January 20, 2007 | Commentary on Asia
Although the resumption last month of the six-party talks on the
North Korea nuclear program postponed further confrontation and
lowered regional tensions, it did nothing to resolve irreconcilable
differences that will continue to plague the negotiations.
Because none of the parties appear poised to alter their strategies significantly, the six-party talks are unlikely to defuse the nuclear crisis. Even if the contentious economic-sanctions issue is resolved during bilateral meetings next week between US and North Korean officials, it merely returns the participants to earlier stalemates over the scope and sequencing of benefits for North Korea abandoning its nuclear-weapons programs and a requisite verification regime.
North Korea's options are dwindling and a failure to achieve strategic objectives would eventually lead it to resume threats and high-risk confrontational tactics, which the United States and Japan would use to justify more punitive United Nations resolutions. North Korean leader Kim Jong-il will be emboldened to risk confrontation, believing that the administration of US President George W Bush lacks a military option because of the proximity of Seoul to the Demilitarized Zone between the two Koreas, the worsening security situation in Iraq, overextended US military forces, and a potential face-off with Iran.
Similarly, the Bush administration sees itself as having the advantage, based on North Korea's deteriorating economic conditions and an assessment that the regime wouldn't risk triggering a confrontation that could cause its own collapse.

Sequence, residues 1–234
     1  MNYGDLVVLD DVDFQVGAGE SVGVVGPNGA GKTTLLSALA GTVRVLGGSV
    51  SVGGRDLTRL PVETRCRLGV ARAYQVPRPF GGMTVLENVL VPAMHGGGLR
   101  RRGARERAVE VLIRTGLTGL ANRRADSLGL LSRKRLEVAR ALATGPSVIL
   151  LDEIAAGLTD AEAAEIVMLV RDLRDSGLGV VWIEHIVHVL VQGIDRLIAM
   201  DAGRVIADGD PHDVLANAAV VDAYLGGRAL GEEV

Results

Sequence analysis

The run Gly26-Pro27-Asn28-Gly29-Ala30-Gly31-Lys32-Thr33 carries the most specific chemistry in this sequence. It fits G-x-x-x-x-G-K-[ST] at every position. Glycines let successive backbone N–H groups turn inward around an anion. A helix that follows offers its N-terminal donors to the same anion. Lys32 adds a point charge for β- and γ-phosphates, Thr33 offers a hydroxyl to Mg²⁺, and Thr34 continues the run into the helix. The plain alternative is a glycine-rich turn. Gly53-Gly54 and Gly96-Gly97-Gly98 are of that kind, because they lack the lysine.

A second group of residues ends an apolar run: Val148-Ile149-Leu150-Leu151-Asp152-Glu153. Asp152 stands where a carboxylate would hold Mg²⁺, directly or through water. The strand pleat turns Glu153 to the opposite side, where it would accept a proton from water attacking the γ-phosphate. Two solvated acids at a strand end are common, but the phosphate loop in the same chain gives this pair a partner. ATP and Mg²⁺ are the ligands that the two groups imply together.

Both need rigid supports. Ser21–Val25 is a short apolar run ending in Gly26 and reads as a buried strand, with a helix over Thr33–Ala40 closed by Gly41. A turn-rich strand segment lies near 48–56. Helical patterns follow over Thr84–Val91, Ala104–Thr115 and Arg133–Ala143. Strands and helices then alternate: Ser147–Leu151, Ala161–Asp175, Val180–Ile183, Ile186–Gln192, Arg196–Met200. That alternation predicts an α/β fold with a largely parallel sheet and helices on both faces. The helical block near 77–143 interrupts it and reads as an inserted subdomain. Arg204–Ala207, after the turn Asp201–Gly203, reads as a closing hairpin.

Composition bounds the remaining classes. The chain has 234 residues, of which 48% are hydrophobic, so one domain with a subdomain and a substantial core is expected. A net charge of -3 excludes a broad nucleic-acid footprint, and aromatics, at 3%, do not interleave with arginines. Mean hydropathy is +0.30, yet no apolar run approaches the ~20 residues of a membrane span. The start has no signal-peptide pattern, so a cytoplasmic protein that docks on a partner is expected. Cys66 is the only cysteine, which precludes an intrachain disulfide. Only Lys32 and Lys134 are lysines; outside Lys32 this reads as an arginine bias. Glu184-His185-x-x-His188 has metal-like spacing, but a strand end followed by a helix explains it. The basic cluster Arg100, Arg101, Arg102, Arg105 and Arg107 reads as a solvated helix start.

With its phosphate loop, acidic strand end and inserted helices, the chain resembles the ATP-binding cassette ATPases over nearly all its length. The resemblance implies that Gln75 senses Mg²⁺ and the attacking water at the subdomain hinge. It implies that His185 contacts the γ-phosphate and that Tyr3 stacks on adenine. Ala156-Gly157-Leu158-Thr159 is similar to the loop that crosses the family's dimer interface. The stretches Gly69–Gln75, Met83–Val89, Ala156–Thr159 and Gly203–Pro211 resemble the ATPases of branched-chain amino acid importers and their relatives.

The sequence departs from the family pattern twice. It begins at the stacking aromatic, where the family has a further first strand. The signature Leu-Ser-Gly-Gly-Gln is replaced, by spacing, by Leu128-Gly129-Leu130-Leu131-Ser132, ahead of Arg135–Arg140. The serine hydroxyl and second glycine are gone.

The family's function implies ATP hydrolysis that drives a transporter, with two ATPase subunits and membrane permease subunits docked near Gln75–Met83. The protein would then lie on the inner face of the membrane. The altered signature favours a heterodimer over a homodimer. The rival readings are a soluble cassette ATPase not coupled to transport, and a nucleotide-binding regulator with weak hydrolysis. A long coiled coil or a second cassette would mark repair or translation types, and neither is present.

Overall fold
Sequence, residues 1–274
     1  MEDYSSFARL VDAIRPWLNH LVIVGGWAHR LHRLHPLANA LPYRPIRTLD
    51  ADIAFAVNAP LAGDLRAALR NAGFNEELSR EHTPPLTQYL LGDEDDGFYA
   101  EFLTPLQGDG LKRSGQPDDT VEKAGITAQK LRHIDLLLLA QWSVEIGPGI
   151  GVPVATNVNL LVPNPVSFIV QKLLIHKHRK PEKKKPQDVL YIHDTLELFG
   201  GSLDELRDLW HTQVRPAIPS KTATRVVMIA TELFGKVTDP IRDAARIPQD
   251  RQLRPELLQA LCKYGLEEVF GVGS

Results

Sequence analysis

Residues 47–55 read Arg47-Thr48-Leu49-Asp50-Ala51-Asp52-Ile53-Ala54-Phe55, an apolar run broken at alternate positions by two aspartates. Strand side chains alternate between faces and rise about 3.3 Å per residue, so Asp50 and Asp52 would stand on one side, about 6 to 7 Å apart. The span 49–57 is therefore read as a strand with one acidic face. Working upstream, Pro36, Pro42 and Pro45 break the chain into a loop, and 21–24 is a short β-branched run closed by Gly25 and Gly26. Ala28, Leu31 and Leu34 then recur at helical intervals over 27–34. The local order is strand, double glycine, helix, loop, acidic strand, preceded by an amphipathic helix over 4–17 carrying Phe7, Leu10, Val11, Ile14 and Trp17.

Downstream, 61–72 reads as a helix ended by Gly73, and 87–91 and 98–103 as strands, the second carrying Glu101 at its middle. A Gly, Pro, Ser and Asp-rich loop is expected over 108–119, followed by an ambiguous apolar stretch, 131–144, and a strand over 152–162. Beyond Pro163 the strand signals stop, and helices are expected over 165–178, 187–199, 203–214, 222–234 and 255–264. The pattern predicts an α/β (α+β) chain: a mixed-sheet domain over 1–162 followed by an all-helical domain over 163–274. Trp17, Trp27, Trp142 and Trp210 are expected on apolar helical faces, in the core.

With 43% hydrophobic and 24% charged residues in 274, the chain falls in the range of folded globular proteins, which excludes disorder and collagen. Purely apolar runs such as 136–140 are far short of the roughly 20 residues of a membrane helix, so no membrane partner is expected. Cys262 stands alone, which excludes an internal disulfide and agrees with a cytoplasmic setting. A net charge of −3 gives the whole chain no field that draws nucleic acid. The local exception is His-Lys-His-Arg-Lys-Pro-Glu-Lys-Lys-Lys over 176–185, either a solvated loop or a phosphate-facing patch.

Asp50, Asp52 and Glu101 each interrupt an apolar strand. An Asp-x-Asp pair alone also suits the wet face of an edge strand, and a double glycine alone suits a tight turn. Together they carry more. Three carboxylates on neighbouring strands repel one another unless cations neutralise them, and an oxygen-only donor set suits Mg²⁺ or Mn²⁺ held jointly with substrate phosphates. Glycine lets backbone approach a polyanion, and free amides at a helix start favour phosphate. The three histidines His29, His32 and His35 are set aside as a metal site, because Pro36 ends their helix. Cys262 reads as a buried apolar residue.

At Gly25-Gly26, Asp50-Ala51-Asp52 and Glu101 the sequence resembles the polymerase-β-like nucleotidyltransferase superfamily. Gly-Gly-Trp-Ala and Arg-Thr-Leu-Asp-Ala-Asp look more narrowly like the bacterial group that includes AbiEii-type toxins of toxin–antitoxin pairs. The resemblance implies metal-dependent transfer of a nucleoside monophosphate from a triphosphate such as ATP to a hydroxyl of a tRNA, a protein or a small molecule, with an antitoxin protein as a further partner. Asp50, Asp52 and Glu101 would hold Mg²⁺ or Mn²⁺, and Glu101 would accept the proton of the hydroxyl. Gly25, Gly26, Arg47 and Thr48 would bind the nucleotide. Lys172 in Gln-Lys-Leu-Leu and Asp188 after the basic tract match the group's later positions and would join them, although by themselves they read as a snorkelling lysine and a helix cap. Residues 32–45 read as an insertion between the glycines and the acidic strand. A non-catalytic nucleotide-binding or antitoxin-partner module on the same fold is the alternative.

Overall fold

The US will rely predominantly on China to force North Korea to abandon its nuclear-weapons and missile programs, but Beijing will remain unable or unwilling to pressure Pyongyang significantly. Despite undertaking a more activist role to resolve the nuclear impasse, China will remain averse to confronting its recalcitrant neighbor for fear of provoking further escalatory behavior or triggering regime instability. Kim will use Chinese reluctance to confront Pyongyang as a way to undercut the Bush administration's hardline policy and deflect attempts to impose punitive measures.
US policy toward North Korea is unlikely to be affected significantly by either the Democratic Party's takeover of Congress or the departure of defense secretary Donald Rumsfeld. Despite the heated rhetoric between Democrats and the Bush administration, there has been little difference over the broad parameters of North Korean policy, with the principal distinction being a greater Democratic willingness to engage Pyongyang in bilateral discussions and to return to nuclear negotiations without precondition.
There has been strong bipartisan agreement in the US on the need for North Korea to abandon its nuclear-weapons programs and illicit activities, as well as to improve its human-rights record. Democratic criticism will likely be muted if the Bush administration is perceived as engaging in a good-faith effort during resumed nuclear negotiations, since the new Congress will be primarily focused on Iraq and domestic policies.
The selection of former director of central intelligence Robert Gates to replace Rumsfeld as defense secretary generated speculation that Bush would pursue a less ideologically driven foreign policy. But Gates was seen as a conservative during his tenure at the Central Intelligence Agency and as deputy national security adviser. Although he advocated dialogue with the Soviet Union, he underscored the need for diplomatic resolve and strong verification measures. Gates has, however, backtracked from earlier statements that he made after departing the government that advocated military strikes on North Korea.